by John Tierney, New York Times Magazine, July 26, 1998."
2) "Historical reference
source, Northwest Passage, September 17, 1998"
probably won't print this: they never do, but if you don't fire you
can't hit the target."
Date: Tue, 18 Aug 1998
They probably won't print this: they never do, but If you don't fire
you can't hit the target.
The following sent today to the New York
RE: Explornography by John Tierney,
New York Times Magazine, July 26, 1998.
Once again a glib amateur has seen fit, almost casually and in passing,to
slander an American hero, a great and good man who spent a lifetime
of hardship and separation in a courageous and successful effort to
discover the North Pole for his service and his country. With little
evident knowledge of the subject he informs his readers that Peary
"couldn't have navigated his way to the Pole," and "didn't
have enough time to cover the distance.." Thus, he concludes,
"Peary apparently lied."
Let's forget for a moment that Peary was an officer in the Navy of
the United States with a lifetime reputation for absolute honesty
and integrity who had previously reported the failures in his explorations
with the same exactitude as the successes, and that he had by 1909
been navigating for some twenty years and 10,000 miles across the
high arctic with the professional precision of of the engineer and
surveyor that he was. And never mind that modern day explorers,including
especially the most accomplished of them all, Will Steiger, have no
doubt about Peary's sledging speeds, or that every one of the six
official investigations conducted since 1909 have confirmed his discovery
of the Pole.
Ignored by Mr. Tierney and career Peary detractors is existing mathematical
confirmation of Peary's success. It comes in the analysis of the photographs
taken on April 6, 1909. The process, which uses the focal length of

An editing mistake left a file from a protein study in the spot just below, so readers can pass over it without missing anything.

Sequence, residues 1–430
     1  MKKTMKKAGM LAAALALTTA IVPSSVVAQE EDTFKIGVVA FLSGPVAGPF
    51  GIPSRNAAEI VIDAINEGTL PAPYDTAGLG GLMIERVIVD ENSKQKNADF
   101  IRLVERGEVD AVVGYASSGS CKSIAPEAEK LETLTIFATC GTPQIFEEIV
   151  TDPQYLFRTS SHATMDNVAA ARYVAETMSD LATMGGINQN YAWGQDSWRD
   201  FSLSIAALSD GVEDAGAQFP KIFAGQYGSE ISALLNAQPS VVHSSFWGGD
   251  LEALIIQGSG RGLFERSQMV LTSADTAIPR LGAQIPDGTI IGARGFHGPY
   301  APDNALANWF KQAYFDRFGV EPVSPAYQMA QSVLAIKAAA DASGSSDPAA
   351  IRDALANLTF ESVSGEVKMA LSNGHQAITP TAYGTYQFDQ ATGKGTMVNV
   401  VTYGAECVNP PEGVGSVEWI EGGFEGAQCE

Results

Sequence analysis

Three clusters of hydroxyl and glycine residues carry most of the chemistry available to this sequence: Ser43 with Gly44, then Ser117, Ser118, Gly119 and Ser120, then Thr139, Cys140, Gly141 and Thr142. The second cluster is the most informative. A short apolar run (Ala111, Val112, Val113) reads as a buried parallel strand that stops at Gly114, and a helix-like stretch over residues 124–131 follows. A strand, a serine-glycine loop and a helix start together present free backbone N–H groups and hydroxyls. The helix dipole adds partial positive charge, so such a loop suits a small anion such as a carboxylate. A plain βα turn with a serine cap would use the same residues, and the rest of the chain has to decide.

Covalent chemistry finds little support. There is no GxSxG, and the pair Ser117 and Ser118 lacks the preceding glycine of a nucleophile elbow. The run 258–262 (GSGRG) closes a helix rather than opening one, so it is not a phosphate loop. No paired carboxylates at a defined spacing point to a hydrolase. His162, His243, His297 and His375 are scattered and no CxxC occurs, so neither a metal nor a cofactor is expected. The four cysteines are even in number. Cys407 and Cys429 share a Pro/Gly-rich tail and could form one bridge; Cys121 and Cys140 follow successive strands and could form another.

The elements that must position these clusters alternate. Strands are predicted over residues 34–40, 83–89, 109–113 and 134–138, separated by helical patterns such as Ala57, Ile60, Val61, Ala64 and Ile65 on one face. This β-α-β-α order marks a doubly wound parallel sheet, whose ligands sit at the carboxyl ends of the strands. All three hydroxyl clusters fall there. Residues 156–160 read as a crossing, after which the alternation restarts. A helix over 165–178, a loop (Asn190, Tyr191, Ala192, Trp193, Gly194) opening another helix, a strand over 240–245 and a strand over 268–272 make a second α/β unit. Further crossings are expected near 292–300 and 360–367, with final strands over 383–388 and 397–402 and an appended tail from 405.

the camera, the shadows cast by the sun, and the visible horizon to
obtain a band of positions, is called photogrammetry, and it places
the 1909 photographer within three miles of the Pole.
Physical evidence also exists, as incontrovertible as the notorious
stain on the dress which annihilated half a year of spin and sputter.
Five miles south of the Pole, far down on the frigid bottom of the
Polar Sea, lies several thousand feet of weighted steel wire, deposited
there on 7 April 1909 when Peary's sounding apparatus broke at a kink
in the wire and was lost. One day, as certain as the sunrise, a refinement
of the technology that located the Titanic and the Bismarck will be
used to locate and recover that wire.
This Peary grandson is taking extra good care of himself in the hope
that he will still be around on that day to relish the massive ingestion
of crow that will ensue.
Edward Peary Stafford
#2 To Northwest Passage
Hello to all of you at Northwest Passage.
After months of false starts and outright procrastination I have finally
acquired an e-mail address. Thanks again for the great trip to the
Arctic in Spring, 1997. I loved the dogs, the ice, the company, and
even the food. What an adventure! Hopefully, there will be others.
I look forward to hearing from you
on issues related to Robert E. Peary in particular and arctic exploration
and the North Greenland Eskimos in general. My E-mail address: email@example.com. My first comment of historical nature is to
reply to the person who wrote asking why Frederick Cook was not mentioned
along with Peary in your materials.
You might point out Cook is not mentioned
for the same reason that astronomers do not feel compelled to mention
the Flat Earth Society when they discuss the solar system, and historians
do not feel to compelled to mention King Arthur when they talk about
British Royalty. Cook's claim falls in the same category as the assertion
that the earth is flat, both are untenable in light of any objective
analysis of the facts. For the mythical (King Arthur) version, feel
free to contact the Cook family. They will be happy to tell you: "There
really is a 'controversy' because he (Cook) really made it to the
Pole." And "We can explain the falsified photographs, the
adamant denials of his Eskimo companions that they ever left sight
of land, and the bogus (and erroneous, and second hand) navigational
calculations he attempted to foist off on an unsuspecting public as
his own." And "We can also tell you all the dark conspiratorial
reasons why even some of Peary's harshest critics term Cook's claim
'pathetic'," If you buy into all that, please contact me directly.
I have a bridge in Brooklyn that I will let you have for a fraction
of its real value.